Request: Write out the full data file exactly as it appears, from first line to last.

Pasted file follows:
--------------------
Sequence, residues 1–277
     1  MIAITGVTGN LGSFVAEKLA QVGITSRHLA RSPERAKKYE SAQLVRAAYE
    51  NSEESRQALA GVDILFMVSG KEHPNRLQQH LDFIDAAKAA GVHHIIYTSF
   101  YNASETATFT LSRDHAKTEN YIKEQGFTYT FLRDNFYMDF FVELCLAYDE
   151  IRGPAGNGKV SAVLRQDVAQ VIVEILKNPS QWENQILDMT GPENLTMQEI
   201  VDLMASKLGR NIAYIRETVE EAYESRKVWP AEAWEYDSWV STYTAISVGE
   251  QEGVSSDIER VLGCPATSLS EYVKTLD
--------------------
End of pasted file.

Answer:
Sequence, residues 1–277
     1  MIAITGVTGN LGSFVAEKLA QVGITSRHLA RSPERAKKYE SAQLVRAAYE
    51  NSEESRQALA GVDILFMVSG KEHPNRLQQH LDFIDAAKAA GVHHIIYTSF
   101  YNASETATFT LSRDHAKTEN YIKEQGFTYT FLRDNFYMDF FVELCLAYDE
   151  IRGPAGNGKV SAVLRQDVAQ VIVEILKNPS QWENQILDMT GPENLTMQEI
   201  VDLMASKLGR NIAYIRETVE EAYESRKVWP AEAWEYDSWV STYTAISVGE
   251  QEGVSSDIER VLGCPATSLS EYVKTLD